They are up to 20 percent more effective than a centerboard. It allows for shorter boards. They never jam. They are easier to maintain and to repair in case of damage. Just take them off. Their main advantages are that they eliminate the need for a centerboard box, which in 90 percent of the cases is the cause of leaks, and leave a roomy, uncluttered cockpit.

The disadvantages are two extra ropes to handle when tacking, and you have to be (more) careful when docking.

They’re only effective when angled slightly outwards from the hull, so that when it heels, they are vertical:

And with less area and shorter boards, there is less drag again.  Win-win.

Should your leeboard hit ground, unlike a centerboard, where your boat will come to a dead stop, the hull of the boat will do a spin around the leeboard when you ground it. Then it’s a simple matter of pulling the leeboard up to be on your way.

This doesn’t tell it all.  The leeboard can be easily rigged so that strong shockcord holds it down and then when it hits an obstruction, it just comes up, to be held up there by a line.  With its rounded shape too, it is easier to extract from sand and is far less easily damaged.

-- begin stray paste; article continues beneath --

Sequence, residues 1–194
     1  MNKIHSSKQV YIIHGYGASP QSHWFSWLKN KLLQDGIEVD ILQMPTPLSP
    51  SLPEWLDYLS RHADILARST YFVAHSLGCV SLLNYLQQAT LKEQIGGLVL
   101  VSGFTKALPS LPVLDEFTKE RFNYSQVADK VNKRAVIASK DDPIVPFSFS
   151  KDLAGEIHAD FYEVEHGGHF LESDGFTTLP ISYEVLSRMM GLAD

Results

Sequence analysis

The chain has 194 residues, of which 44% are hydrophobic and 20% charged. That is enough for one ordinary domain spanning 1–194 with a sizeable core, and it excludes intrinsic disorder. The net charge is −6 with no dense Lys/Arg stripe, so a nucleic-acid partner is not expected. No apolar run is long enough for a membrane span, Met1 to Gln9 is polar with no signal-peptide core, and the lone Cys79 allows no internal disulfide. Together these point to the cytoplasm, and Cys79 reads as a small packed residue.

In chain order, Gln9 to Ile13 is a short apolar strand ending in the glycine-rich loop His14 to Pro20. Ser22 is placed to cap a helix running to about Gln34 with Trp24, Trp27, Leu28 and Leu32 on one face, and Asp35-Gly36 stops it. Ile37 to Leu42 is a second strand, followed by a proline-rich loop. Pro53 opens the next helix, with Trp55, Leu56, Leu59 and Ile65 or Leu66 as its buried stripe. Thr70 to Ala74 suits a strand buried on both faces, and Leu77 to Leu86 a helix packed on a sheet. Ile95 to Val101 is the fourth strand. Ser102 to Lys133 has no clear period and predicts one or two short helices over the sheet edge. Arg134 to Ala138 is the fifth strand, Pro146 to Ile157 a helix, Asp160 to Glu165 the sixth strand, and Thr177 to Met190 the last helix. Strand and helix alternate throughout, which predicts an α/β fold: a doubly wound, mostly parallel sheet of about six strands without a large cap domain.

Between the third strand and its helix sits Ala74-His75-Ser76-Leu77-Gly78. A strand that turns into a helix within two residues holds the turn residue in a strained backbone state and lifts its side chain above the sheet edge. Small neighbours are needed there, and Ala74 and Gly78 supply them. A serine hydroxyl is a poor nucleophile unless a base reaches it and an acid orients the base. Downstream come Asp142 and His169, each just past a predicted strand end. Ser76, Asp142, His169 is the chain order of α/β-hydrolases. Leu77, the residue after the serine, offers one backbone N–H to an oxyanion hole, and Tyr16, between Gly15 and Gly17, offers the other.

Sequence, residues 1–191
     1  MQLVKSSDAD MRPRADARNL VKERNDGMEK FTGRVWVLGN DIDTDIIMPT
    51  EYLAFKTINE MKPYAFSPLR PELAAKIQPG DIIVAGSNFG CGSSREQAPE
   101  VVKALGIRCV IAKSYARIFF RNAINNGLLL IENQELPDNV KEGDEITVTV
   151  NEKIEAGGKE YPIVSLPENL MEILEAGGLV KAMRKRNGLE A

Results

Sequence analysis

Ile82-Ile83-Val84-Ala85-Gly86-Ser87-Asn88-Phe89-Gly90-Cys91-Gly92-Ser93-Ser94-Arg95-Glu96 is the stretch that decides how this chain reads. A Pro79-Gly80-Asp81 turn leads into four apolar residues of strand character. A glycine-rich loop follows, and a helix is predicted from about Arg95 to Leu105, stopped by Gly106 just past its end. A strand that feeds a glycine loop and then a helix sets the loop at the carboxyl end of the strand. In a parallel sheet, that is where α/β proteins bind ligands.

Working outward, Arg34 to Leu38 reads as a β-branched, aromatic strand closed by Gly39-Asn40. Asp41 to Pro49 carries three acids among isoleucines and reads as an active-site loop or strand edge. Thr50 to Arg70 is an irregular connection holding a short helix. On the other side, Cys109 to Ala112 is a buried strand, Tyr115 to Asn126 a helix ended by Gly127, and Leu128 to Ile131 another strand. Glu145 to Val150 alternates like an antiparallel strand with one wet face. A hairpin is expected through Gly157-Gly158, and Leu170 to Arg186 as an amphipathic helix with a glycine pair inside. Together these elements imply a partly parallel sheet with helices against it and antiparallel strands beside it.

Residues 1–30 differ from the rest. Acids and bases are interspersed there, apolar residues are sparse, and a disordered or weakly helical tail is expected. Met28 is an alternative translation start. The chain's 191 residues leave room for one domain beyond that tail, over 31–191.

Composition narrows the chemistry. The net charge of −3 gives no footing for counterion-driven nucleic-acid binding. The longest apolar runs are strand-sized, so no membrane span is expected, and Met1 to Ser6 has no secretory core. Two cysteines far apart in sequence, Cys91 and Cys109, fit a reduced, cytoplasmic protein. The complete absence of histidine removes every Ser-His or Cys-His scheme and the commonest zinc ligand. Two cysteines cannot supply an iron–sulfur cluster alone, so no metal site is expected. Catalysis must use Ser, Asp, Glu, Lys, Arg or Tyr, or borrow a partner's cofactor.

EF Knight’s Small Boat Sailing [1901] is a classic many sailors have on their bookshelves.  He writes:

If expense is a consideration, the novice cannot do better than fit his first little boat with leeboards. We will suppose that he has purchased a secondhand craft for a few pounds. To fit a centerboard into her would be a costly bit of work, only to be undertaken by a skilled boatbuilder.

But any boy who has even a very small experience of the use of carpenter’s tools can construct a leeboard and fit it to his boat. The author once placed leeboards on an old P. and O. lifeboat, and sailed with her from Hammersmith to Copenhagen and back, cruising round the Zuider Zee, coasting up the Frisian islands, winding in and out among the many pleasant fjords.